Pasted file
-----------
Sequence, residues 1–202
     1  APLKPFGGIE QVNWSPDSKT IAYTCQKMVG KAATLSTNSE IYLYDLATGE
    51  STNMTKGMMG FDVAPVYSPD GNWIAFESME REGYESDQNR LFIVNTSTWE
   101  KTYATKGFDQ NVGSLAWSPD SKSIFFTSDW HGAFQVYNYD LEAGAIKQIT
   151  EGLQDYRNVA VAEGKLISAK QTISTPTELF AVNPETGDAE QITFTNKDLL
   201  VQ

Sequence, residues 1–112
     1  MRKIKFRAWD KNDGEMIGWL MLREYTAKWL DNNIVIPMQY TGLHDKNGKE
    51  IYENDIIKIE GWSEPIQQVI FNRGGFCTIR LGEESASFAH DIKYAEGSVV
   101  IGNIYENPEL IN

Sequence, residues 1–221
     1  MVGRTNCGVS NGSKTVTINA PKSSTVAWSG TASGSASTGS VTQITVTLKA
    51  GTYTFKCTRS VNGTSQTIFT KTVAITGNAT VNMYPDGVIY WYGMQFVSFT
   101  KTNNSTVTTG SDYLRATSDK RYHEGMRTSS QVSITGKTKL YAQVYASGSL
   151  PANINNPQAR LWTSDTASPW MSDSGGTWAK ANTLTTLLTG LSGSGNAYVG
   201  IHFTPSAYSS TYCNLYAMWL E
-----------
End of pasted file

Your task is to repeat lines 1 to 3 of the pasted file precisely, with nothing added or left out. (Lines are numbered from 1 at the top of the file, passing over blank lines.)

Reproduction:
Sequence, residues 1–202
     1  APLKPFGGIE QVNWSPDSKT IAYTCQKMVG KAATLSTNSE IYLYDLATGE
    51  STNMTKGMMG FDVAPVYSPD GNWIAFESME REGYESDQNR LFIVNTSTWE